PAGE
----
Diary of Orrin Brown, East of Milledgeville, Georgia
We find a heavy frost this morning but the sky is clear. We left camp at 10 AM and marched through the city in good order, went into camp 5 or 6 miles East of Millageville, there was one man died out of our Company today. The weather is getting warmer again.
A toll bridge spanned the Oconee River, about 350 yards wide, at Milledgeville. After the last Union forces crossed the bridge, it was put to the torch. James Bonner wrote in The Journal of Southern History (“Sherman at Milledgeville in 1864, 22:3 1956):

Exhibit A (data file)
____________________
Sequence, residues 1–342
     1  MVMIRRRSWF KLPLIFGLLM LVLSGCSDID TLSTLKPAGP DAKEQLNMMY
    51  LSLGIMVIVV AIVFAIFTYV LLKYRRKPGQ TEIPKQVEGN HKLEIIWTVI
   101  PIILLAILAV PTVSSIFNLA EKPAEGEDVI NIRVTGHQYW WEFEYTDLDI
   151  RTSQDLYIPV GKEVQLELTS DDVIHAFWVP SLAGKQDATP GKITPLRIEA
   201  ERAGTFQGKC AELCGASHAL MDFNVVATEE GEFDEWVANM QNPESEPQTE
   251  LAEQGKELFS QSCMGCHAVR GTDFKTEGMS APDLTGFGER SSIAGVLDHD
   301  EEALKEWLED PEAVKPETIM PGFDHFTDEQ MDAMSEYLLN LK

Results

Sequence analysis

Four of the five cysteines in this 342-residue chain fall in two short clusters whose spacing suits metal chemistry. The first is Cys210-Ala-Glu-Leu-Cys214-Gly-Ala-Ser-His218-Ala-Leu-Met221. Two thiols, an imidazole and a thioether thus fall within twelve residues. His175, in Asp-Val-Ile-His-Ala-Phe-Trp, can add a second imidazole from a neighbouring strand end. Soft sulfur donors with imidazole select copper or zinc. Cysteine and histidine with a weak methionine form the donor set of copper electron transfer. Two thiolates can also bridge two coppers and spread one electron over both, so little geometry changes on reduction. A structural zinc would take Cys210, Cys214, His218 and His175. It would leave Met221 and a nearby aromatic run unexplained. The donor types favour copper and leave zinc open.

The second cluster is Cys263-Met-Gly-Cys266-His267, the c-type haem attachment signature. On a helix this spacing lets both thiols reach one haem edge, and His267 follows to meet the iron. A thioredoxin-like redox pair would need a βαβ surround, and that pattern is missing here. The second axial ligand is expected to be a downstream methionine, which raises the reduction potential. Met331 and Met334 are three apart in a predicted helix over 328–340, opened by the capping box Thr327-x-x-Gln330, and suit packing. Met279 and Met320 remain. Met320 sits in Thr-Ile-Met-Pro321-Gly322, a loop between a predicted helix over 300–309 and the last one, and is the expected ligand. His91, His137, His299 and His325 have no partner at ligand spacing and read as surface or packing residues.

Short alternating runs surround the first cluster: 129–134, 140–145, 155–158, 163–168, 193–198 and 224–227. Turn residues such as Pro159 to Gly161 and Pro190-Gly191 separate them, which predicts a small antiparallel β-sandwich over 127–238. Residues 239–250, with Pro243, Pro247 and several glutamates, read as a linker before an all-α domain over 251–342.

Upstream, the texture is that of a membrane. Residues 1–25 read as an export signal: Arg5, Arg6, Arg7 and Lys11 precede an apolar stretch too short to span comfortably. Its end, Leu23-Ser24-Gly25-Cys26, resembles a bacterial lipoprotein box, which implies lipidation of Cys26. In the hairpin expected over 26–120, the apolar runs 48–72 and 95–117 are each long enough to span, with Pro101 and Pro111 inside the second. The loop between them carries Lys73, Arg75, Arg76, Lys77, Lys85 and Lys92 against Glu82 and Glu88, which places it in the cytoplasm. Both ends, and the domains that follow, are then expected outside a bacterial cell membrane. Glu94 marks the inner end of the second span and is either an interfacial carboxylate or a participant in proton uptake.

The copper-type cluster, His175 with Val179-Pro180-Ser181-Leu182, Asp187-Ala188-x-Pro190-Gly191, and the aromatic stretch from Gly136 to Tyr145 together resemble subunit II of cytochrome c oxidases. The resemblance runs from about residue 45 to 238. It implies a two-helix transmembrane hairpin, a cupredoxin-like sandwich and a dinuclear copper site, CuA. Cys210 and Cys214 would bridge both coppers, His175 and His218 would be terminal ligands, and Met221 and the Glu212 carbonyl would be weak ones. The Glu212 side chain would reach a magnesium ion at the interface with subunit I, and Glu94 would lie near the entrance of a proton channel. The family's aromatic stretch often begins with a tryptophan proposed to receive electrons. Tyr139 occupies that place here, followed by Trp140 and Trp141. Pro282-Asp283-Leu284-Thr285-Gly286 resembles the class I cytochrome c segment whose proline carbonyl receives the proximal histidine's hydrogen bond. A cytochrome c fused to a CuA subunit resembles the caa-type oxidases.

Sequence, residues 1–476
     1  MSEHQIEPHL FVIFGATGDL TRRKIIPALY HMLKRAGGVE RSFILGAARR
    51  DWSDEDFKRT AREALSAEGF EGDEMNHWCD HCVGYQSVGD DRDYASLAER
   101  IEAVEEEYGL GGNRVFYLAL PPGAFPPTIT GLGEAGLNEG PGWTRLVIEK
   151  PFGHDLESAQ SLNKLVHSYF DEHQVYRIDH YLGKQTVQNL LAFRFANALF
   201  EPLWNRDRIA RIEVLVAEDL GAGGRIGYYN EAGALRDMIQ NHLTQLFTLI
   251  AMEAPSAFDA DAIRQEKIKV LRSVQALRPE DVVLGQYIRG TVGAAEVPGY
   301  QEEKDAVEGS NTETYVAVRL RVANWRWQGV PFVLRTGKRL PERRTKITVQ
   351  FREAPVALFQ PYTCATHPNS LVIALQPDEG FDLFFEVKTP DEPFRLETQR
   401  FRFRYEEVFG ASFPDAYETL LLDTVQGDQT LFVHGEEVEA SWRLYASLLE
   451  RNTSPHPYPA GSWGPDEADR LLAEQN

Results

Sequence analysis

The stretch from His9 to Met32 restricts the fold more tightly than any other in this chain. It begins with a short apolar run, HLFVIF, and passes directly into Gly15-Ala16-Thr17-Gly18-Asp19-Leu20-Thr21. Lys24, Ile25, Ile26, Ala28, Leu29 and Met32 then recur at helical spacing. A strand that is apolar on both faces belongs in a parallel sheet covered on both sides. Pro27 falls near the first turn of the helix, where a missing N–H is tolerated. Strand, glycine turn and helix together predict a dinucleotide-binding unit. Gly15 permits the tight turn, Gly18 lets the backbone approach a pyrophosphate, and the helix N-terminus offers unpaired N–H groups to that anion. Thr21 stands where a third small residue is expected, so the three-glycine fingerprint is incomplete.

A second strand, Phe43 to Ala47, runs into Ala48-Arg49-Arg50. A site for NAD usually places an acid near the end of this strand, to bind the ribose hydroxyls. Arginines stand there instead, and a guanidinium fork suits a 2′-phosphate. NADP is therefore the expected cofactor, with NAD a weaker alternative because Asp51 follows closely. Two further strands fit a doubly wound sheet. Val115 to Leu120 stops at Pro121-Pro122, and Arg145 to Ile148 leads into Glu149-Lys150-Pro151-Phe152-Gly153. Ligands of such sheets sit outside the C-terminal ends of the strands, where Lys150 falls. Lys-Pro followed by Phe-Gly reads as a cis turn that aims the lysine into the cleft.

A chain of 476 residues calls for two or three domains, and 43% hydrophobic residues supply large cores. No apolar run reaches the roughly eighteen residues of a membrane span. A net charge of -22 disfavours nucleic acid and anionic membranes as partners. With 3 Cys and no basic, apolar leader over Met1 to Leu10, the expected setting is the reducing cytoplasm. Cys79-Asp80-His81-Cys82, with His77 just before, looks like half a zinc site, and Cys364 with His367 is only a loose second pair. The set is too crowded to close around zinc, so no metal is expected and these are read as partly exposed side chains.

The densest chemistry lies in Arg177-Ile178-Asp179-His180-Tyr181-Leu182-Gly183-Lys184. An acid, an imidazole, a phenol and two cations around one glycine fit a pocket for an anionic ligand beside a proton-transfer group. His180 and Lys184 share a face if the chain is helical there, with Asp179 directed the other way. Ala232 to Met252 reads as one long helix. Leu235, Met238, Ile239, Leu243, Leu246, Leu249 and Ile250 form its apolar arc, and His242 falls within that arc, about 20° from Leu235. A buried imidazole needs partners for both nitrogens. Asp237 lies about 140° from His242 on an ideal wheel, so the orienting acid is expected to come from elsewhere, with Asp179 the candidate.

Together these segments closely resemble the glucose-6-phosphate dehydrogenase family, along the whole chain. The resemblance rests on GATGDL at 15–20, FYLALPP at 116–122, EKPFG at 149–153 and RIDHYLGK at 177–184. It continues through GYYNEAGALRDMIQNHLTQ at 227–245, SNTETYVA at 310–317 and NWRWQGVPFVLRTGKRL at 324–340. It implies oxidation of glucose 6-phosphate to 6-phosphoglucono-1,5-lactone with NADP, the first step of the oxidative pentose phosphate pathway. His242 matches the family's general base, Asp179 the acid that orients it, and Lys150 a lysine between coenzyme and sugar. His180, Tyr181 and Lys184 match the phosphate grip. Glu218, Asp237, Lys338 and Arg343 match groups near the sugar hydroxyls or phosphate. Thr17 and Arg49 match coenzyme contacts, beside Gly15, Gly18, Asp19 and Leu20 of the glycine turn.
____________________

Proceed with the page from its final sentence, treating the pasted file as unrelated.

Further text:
It is difficult to justify the destruction of the bridge in view of Sherman’s leniency toward other Milledgeville property, for there was no effective force of Confederates not he west side of the river which might make use of the bridge to pursue the Federal army. Yet, when the last of the invading units had crossed the bridge, on November 25, the structure was promptly destroyed. In an effort to save the bridge, its operator, James Simpson, tried to assure the division inspector of the Fourteenth Corps [Maj. James A. Connolly] that he had “allers bin for the Union” and still was, and that he was also a Mason. Apparently, however, the made a serious error of judgment when he told the officer that he was born in Milledgeville and had never lived more than five miles from the bridge in all the forty years of his life.